Up early this morning. Not out of choice but to look after granddaughter Neve, now 10 weeks old, to give Jennie a few hours of uninterrupted sleep before returning to Bedford later this morning.
So here I am rocking granddaughter #8 asleep in her car seat with my foot as I type on my laptop – who said men couldn’t multitask (well, two things at once)?
I have often wondered in what kind of the conditions the Bible, especially the New Testament, was written.
We easily assume that the apostle Paul, to mention the main contributor, is sitting in his study overlooking the Mediterranean composing elegant and beautifully-crafted epistles with no grandchildren in sight. It’s just the occasional reference to chains, soldiers and imminent death which disturbs this notion.
In fact, one of the exercises of New Testament scholarship is to try and work out from which particular prison did Paul dictate certain of his letters, each to a church in crisis. (I typed that sentence with just one hand, the other holding Neve’s dummy)
In fact, one of the great Christian classics originates from a prison, from Bedford as it happens. John Bunyan had been indicted for preaching without a licence. Finding himself under intense pressure to conform, he wrote Pilgrims Progress (pause to find the dummy) to encourage his fellow non-conformists to keep going despite every assault and temptation.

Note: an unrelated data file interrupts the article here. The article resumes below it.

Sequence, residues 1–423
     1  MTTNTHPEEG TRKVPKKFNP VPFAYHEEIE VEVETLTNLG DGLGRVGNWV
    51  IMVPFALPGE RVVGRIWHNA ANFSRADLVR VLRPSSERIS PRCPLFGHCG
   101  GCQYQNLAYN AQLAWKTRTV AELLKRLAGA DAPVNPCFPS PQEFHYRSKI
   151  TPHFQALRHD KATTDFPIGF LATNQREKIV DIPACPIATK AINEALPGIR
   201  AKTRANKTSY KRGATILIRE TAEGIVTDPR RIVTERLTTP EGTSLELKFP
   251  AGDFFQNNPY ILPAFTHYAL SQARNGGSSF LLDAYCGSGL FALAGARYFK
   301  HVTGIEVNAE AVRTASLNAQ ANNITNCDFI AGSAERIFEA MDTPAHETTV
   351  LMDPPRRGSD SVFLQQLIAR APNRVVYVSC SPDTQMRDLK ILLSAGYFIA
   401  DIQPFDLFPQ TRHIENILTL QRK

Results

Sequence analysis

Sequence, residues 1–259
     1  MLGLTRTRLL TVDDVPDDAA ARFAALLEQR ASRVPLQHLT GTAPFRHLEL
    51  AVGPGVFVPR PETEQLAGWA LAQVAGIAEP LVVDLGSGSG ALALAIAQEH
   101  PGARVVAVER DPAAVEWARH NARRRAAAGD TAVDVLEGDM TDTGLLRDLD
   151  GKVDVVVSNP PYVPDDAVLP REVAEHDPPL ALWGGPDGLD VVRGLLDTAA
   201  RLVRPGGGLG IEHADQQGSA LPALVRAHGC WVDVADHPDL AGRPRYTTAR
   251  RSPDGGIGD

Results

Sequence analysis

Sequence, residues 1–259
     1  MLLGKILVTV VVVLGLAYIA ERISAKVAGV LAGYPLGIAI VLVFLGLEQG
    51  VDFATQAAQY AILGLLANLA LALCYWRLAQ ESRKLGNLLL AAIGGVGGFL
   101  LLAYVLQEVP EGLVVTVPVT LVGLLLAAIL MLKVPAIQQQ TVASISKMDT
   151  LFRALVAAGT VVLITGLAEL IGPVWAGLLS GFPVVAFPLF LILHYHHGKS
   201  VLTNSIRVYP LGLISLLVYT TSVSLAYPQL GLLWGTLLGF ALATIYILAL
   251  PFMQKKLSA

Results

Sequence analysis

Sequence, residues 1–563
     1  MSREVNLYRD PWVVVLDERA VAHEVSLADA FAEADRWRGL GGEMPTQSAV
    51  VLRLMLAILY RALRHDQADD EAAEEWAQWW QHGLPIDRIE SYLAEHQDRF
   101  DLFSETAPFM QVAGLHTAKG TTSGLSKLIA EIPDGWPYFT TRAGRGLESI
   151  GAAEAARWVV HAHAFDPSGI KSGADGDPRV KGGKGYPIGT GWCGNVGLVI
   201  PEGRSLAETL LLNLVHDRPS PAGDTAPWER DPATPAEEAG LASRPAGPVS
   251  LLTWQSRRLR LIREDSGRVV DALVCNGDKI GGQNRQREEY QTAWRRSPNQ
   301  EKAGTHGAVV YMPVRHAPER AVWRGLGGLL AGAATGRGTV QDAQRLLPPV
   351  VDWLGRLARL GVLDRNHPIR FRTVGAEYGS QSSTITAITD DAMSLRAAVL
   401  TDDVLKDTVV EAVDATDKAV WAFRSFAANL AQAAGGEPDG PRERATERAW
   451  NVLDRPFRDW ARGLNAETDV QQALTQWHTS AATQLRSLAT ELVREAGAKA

The problem with being in prison (to name just one) is that it put pay to all your plans and – like babies – ruin your routine. You can sometimes hear Paul’s frustration on being bottled up in yet another Roman gaol when he wants to be where the action is.
But the very fact that he had no alternative but to send a letter means these remarkable documents are now available to us in the pages of scripture. No one set out to write the New Testament – it just happened under the directing of the Holy Spirit. Just note how He did it.
I personally find it very difficult when my routines are disrupted – we all like to be in control. I need my days to be neatly segmented, I think more than most people. However, the good news is that it is God who is in control – but not the way I would prefer. Once you can grasp that, then living our lives assumes a totally new meaning.
For once John Lennon is right (I actually just wrote “John Lennon is write” – that’s granddaughters for you): “Life is what happens to you while you’re busy making other plans.” And if you have surrendered you life to God, then bring it on!